As a father, it is my responsibility to provide Zecia and her siblings with a fulfilling childhood that is as normal as possible so that they live each day to the fullest. I have always encouraged Zecia to explore her interests. Bright and curious from young, she loved art, and as she grew older, she became drawn to playing the piano. I even saved up to buy a second-hand piano and arranged piano classes for her. She also loves baking – my wife and I must have inspired her as both of us enjoy cooking and exploring recipes! After she expresses her interest in these new hobbies, I try my best to provide her avenues to learn and practise by purchasing an oven and enrolling her in baking classes as well. I do not mind putting in more hours at work if it means I can provide support for all my three daughters to pursue what they love.

Now that Zecia is 15, she is no longer the little girl she once was and I now have to raise her as a young adult, including to effectively communicate as one. Even though the process of caring for Zecia has not always been sunshine and rainbows, I am immensely grateful for every moment I spend with her, knowing very well that there are also other families who experience more challenges than mine. Like me, Zecia is cheerful and seeing her smile while we share the regular motorbike rides to the hospital never fails to reinforce my own optimism and perseverance to believe in myself and do whatever I can as her father.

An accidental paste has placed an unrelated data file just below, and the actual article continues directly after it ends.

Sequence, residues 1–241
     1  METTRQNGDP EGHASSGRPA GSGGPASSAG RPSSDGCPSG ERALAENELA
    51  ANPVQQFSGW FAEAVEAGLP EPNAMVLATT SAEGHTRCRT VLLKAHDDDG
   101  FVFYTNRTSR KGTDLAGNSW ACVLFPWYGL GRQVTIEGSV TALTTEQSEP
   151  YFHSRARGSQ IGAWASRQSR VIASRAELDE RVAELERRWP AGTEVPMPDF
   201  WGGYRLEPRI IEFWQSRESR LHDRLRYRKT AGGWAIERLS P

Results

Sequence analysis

As Zecia continues to thrive against all odds, my only wishes for her are that she lives a joyous life with treasured friends around her, and the RDF supporting her along the way. Afterall, no one is to blame for whatever that has happened. Most importantly, the child is never to be blamed. The best and simplest thing we can do as parents is to love each of our children with all our heart. As long as a child is well-loved by their parents, they will live happily. Thanks to Zecia and her younger siblings, I can be a better dad every day.

There is a Chinese saying that a daughter was her father’s lover in his previous life. While it may or may not be true, I believe in treasuring all my three daughters and the memories we have created together. This Father’s Day, I would like to encourage all fathers out there to be the beacon of hope in the family – always believe that miracles can happen and never give up.

By Avan Chew.


Avan Chew, 44, and his wife are parents to three daughters. His eldest, Zecia, 15, has Gaucher Disease, a rare illness that affects 1 in 60,000 people globally.


The Rare Disease Fund is a charity fund that seeks to provide long-term financial support for patients with rare diseases requiring treatment with high-cost medication. The RDF is managed by the KKH Health Fund (KKHHF), which is part of the SingHealth Fund and supported by the Ministry of Health. For every dollar donated to the RDF, the government will match $3.

To donate, you may do so here. For more information on the RDF, you may visit here, the RDF Facebook page, or the RDF Instagram page.

* * * * *

Like what you read and want more? Receive our latest articles and giveaways when you sign up on our mailing list here.

Want to be heard 👂 and seen 👀 by over 100,000 parents in Singapore? We can help! Leave your contact here and we’ll be in touch.